Copyright © 1997 by the Boston Phoenix, Inc. All rights reserved.

This Just In: Media

A death in the family

By Dan Kennedy

The intense outpouring of grief prompted by Kirby Perkins's death on July 24 was more than a tribute to a fine reporter. It was an acknowledgment that WCVB-TV (Channel 5) continues to occupy a special place in the media firmament.

Internally, Channel 5 is unusual for its stability and esprit de corps. Many of the station's most visible journalists, such as Chet Curtis, Natalie Jacobson, Pam Cross, Jim Boyd, David Ropeik, Jorge Quiroga, Susan Wornick, and Perkins, have been with WCVB since the 1970s or early '80s. And in an industry that promotes "family" as a saleable commodity, WCVB is the real thing. Curtis and Jacobson are married, and Jacobson's on-air pregnancy was a pioneering event. Perkins himself took orders for several years from his wife, former news director Emily Rooney, now host of Greater Boston, on WGBH-TV (Channels 2 and 44).

"We bitch and moan, but we shouldn't lose sight of what we have. There are bonds of connectedness here that are quite extraordinary," says editorial director Marjorie Arons-Barron, who relied on Perkins for inside political gossip.

The program itself remains the gold standard. Its newscasts project authority and integrity, even on less-substantive fare. It's the only station that continues to broadcast editorials. Its Sunday-morning gabfest, Five on Five, is the city's leading public-affairs program. And Chronicle may be the only local magazine-style show on a commercial station left in the country.

The roots of WCVB's difference lie in its genesis: in 1972, the Federal Communications Commission, citing rules then in effect against cross-ownership, stripped Channel 5's license from the now defunct Boston Herald Traveler and awarded it to Boston Broadcasters, a local company that vowed to fill the airwaves with local programming. It succeeded well enough that the New York Times once labeled WCVB the best commercial TV station in the country. The station was sold in 1982, and then sold again in 1985 to its present owner, the Hearst Corporation.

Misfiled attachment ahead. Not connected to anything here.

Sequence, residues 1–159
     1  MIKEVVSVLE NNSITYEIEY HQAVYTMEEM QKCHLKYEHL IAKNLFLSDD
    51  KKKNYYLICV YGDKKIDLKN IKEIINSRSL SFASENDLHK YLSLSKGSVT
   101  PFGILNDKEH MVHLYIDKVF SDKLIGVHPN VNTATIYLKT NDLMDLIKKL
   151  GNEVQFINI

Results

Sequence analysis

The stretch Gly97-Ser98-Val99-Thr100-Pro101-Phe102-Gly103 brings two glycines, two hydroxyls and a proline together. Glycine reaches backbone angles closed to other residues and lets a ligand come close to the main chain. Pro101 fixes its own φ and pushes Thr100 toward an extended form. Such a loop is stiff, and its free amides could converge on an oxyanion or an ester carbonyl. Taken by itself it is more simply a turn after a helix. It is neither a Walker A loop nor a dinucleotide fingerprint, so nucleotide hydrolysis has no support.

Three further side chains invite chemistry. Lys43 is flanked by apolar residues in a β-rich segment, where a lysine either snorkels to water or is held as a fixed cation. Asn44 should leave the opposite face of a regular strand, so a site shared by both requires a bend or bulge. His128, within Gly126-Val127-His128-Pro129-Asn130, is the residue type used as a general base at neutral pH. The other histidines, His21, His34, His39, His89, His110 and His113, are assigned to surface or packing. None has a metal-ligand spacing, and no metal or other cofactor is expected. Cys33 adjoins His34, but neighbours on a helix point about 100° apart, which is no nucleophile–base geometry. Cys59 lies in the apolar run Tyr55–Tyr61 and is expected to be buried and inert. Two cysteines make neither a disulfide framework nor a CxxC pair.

Channel 5, it is true, has been moving toward shorter stories, faster pacing, and attention-grabbing graphics and teasers. And though WCVB hasn't slid nearly as far into the sensationalism-and-celebrity muck as WHDH-TV (Channel 7), its once-lofty status makes its imitative changes more painful to watch. Still, more often than not, Channel 5 beats Channel 7 for the number-one slot in the ratings wars. Obviously viewers prefer quality -- even diminished quality -- to tabloid journalism.

"What Kirby was really troubled by was the loss of a sense of mission," says Ropeik. "I don't think it's gone, and it's probably more alive here than anywhere else. But more and more it feels like we're struggling to keep it alive. Hopefully his passing will be a reminder to keep our noses pointing in that direction."